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Ira Winderman: Has Bucks' preemptive strike torpedoed Miami Heat's Summer of Giannis?
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Ira Winderman: Has Bucks' preemptive strike torpedoed Miami Heat's Summer of Giannis?

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Giannis Antetokounmpo soaring dunk, AP photo

Bucks forward Giannis Antetokounmpo dunks in the first half on Wednesday, Nov. 20, 2019. He finished with 33 points and 11 rebounds as Milwaukee beat the Atlanta Hawks 135-127.

The focus for the Miami Heat for years seemingly had been a single moment when Giannis Antetokounmpo would change the calculus of the NBA playoff race.

The expectation was that moment would come during the 2021 offseason, when the versatile Milwaukee Bucks big man would take stock of his free-agency options after months of taking stock of the vision of the Heat and Pat Riley.

As LeBron James and Chris Bosh had done during the 2010 offseason.

As Jimmy Butler did in the 2019 free agency.

Instead, that moment may already have come and gone, without Riley getting the opportunity to release his bag of championship rings, without Dwyane Wade getting the opening to plant the seeds with Antetokounmpo of what could grow in South Florida.

With midnight moves that dramatically overhauled the playoff race in the Eastern Conference, the Bucks early Tuesday morning launched a preemptive strike that might have torpedoed Riley's 2021 plans months before the metaphoric harpoon could be hoisted.

With the addition of Jrue Holiday and Bogdan Bogdanovic, the Bucks armed Antetokounmpo with the type of firepower he lacked in falling to the Heat in the second round of the playoffs. There now is the type of floor leader Milwaukee lacked with trade-dispatched Eric Bledsoe and George Hill, the type of wing presence the Bucks needed to ease the load on Khris Middleton.

Suddenly, the Dec. 21 deadline for Giannis to grant his approval for a Bucks extension looks like a very real signing date, if not earlier.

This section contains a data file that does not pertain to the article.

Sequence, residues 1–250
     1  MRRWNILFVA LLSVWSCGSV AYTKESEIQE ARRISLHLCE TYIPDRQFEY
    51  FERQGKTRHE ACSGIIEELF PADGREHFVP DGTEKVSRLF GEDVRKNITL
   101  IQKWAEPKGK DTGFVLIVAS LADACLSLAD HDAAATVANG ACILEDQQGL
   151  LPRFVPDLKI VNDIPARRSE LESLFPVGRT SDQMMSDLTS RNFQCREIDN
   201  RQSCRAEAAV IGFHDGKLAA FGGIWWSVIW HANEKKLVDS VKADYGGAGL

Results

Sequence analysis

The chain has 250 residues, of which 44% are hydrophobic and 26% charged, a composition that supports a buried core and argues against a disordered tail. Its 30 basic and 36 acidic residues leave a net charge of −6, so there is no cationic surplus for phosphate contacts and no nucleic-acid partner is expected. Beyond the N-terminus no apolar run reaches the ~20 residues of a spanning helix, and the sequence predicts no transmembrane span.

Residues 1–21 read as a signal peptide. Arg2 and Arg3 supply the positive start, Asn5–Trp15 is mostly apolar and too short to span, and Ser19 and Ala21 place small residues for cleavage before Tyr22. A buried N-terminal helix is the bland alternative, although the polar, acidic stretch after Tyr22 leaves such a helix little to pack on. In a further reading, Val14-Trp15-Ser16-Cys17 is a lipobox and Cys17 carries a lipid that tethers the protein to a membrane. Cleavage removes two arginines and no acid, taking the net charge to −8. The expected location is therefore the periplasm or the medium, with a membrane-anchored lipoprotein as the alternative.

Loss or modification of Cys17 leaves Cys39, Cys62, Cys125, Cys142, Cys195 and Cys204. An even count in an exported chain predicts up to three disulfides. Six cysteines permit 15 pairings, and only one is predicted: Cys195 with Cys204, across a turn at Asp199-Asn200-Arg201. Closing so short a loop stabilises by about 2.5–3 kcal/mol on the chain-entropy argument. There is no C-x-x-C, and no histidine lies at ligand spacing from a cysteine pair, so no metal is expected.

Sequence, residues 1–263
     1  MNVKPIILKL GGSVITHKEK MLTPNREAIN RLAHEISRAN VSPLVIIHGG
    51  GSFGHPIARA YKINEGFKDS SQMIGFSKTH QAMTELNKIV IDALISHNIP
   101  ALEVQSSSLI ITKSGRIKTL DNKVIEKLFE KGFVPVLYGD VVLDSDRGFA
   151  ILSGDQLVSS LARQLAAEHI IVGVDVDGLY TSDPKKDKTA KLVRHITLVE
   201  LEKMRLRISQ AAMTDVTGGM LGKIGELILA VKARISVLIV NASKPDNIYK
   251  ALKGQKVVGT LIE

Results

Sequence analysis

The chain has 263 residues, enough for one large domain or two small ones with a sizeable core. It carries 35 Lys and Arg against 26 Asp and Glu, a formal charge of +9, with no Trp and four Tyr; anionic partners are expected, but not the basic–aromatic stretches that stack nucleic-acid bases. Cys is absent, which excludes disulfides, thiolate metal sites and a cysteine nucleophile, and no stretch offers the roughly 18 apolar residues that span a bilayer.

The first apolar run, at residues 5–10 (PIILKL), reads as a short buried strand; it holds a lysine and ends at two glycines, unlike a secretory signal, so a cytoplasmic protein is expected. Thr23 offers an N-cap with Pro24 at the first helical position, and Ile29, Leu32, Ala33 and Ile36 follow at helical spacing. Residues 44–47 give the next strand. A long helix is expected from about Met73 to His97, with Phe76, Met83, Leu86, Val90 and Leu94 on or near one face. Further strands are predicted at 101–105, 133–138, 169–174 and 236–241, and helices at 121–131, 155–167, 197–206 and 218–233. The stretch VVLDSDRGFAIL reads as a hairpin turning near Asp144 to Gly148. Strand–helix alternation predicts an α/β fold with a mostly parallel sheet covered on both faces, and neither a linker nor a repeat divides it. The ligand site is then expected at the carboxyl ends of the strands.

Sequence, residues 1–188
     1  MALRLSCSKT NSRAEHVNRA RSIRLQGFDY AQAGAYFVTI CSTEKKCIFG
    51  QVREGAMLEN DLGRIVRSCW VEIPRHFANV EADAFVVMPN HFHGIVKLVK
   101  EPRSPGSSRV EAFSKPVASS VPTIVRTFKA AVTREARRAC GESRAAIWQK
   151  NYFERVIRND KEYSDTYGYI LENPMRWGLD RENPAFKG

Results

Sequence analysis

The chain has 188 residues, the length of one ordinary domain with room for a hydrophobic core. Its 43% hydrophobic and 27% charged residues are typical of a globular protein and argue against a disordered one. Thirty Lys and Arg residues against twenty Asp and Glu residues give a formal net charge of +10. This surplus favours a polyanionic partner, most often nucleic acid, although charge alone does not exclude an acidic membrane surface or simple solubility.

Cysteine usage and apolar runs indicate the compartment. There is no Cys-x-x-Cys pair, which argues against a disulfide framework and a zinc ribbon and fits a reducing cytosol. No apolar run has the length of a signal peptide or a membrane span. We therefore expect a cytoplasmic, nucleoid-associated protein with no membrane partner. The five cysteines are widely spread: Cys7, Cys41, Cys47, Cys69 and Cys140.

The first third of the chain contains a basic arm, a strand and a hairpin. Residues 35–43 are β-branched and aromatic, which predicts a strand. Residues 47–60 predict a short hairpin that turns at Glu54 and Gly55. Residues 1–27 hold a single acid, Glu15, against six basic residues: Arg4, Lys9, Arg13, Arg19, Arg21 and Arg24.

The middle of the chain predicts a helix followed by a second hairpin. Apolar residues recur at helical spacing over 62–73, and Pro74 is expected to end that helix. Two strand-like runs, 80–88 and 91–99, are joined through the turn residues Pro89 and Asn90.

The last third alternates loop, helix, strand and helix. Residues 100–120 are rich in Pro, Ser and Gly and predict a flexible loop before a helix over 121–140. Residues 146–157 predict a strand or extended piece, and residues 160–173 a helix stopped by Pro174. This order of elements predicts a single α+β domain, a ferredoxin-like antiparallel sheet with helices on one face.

Granted, the Bucks have reshuffled the mix numerous times already during Antetokounmpo's tenure, enough to assist him in becoming the two-time-defending Most Valuable Player.

But these two latest moves feel different, last-stand type of different. With Holiday and Bogdanovic, the Bucks have cast aside any possibility of life post-Antetokounmpo. Their draft cupboard is even more barren then when the Heat went all-in with their moves for Goran Dragic and then Butler.

It doesn't mean that Giannis can't, or won't, wait to see how it plays out, recognizing that the previous moves for Bledsoe, Hill and other complementary pieces failed to produce a trip to the NBA Finals. But this is the type of commitment the Heat made to LeBron James when Riley recognized it was go time from 2010 to '14, the Heat's moves for Mike Miller, Shane Battier and Ray Allen.

And in this case, the timing matters for the Heat, when it comes to a read on what is next.

If Antetokounmpo extends with the Bucks, or even strongly indicates that such will be the play, then the Heat's hand in coming days and weeks could be forced.

It is more difficult to ask for one-year patience on free-agency offers to Dragic and Jae Crowder if there is no Giannis to chase next summer. More so, asking Bam Adebayo to hold off on his rookie-scale extension, which also comes with a Dec. 21 deadline, would become much more of an ask, especially after the playoff injuries Adebayo suffered during the Heat's run within two victories of the 2020 NBA title. (Adebayo and Antetokounmpo share the same agent.)

Patience for the opportunity to play alongside Giannis is one thing. Requesting similar patience to play alongside other potential 2021 free agents is another. Yes, it still is a class that could include Kawhi Leonard, Paul George, Victor Oladipo, Kyle Lowry and even LeBron. But just as LeBron was everything in 2010, '14 and '18 free agency, so has the 2021 class been defined by Giannis.

What hasn't changed with Milwaukee's acquisitions of Holiday and Bogdanovic is Giannis' right to play it out this coming season, see if this fit is better than previous Bucks fits.

The difference is that after allowing Malcolm Brogdon walk in 2019 free agency, the Bucks are pushing all their chips to the middle of the championship chase. There is no bluffing with the intentions.

After finishing as the No. 5 seed in the East last season, the Heat now face the challenge of the overhauled Bucks of Antetokounmpo, Middleton, Holiday and Bogdanovic; a Nets team that has Kevin Durant, Kyrie Irving, and possibly gets James Harden; a Celtics team banking on returns to health by Kemba Walker and Gordon Hayward; a 76ers team with the added leadership of Doc Rivers and Daryl Morey; and a relentless Raptors roster.

Now the question is whether Riley and the Heat fold on the Summer of '21, or at least hedge their bets in coming days and weeks for the immediate challenge ahead.


Photos: Heat end Bucks' season as Giannis Antetokounmpo looks on

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